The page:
Online Edition - May 2000
Issue Highlight - The
--Funny, insightful, memorable and easy-to-follow old sayings with a new millennium spin on them, is why I really like this extremely interesting and well-written book.
--What's more, the book is indeed a treasure of fundamental truths about leading and managing people. Furthermore, the simple, unpretentious style and many gems of wisdom are what makes "It's OK to Ask 'Em to Work" such an exciting, stimulating and useful volume. Most, if not all readers, will enjoy the statements like: "Count is what you get, so count the right things; the madder you get, the dumber you are; common sense ain't near as common as it used to be; people will respect what you expect if you inspect; and the managerial golden rule: do unto others as they would like to be done unto."
--Frank McNair, president of McNairspeaks ( public speaking firm) and partner of LTM Associates (consulting and training company), makes his case in how to apply human, financial and material resources judiciously, against the challenges of taking care of employees, serving customers and making a profit in business.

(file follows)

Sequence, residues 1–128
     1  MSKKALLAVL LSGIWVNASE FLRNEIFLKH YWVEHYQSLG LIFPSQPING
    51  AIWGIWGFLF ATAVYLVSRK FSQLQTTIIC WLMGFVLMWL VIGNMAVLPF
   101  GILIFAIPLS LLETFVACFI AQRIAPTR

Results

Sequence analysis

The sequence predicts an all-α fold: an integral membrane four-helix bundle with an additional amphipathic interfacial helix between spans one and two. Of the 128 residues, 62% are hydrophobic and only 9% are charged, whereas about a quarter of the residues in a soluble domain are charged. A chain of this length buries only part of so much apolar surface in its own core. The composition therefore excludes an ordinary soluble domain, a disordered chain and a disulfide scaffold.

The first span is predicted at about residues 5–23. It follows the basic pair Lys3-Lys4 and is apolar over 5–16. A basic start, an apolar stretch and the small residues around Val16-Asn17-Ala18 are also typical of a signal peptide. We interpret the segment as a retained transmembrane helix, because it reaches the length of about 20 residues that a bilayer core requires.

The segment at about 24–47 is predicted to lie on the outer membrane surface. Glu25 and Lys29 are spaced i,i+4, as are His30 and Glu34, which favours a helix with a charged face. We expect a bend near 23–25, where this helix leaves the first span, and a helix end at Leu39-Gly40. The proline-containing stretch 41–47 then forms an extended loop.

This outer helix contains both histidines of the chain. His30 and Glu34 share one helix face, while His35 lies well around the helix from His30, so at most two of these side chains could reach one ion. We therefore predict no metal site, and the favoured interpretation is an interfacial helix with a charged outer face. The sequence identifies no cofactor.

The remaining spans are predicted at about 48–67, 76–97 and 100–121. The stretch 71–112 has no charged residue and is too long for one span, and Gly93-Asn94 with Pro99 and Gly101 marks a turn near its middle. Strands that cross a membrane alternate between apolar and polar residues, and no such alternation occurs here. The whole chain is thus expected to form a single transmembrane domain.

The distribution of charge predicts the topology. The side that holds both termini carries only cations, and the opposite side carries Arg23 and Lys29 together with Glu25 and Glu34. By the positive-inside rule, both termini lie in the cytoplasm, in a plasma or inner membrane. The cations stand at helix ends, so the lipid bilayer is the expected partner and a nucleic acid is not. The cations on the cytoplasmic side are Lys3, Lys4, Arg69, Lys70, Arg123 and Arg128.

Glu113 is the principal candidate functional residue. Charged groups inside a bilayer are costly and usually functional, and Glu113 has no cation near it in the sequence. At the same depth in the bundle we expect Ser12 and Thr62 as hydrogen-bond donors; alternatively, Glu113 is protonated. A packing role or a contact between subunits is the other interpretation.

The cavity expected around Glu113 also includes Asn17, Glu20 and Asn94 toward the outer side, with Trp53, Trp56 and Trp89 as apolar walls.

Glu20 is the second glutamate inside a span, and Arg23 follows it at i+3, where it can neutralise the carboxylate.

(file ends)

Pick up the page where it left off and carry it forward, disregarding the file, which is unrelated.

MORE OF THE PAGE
--At the end of each chapter there are summarized maxims for reflections.
The greatest lesson to remember: All things are true some of the time and nothing is true all of the time.
Favorite quote: "Ignoring improvement in performance will extinguish it; ignoring shippage in performance will encourage it."
Second favorite quote: "It's not what we don't know that gets us in trouble; it's what we don't do."
Most useful features: Feedback flow charts, relationship audit matrix and simple coaching method.
Really practical elements: Coach, motivational, SMART ONE Feedback and stress-creation models.
Truly innovative idea: The motivation charter, which outlines when employees are motivated.
Favorite humorous saying: "You can be a hardass, or you can be a candyass, but you've got to be consistent."
Message I'll remember for 10 years: You can waste a lot of time feeding "carrots" to "stick" people (based upon one of the book's key premises that people come in two types: Carrot people and stick people.)
The bottom line: Application of the book's 119 maxims will unquestionably (based on my 30 years of experience) help a manager and/or supervisor to achieve measurable business results consistently through the effective use of employees.
"It's OK to Ask 'Em to Work....and Other Essential Maxims for Smart Managers." Frank McNair, 2000, AMACOM, New York, ISBN 0-8144-0517-7,154 pages. Reviewed by Ben L. Walton, distribution services manager, Janus, Denver, Colo.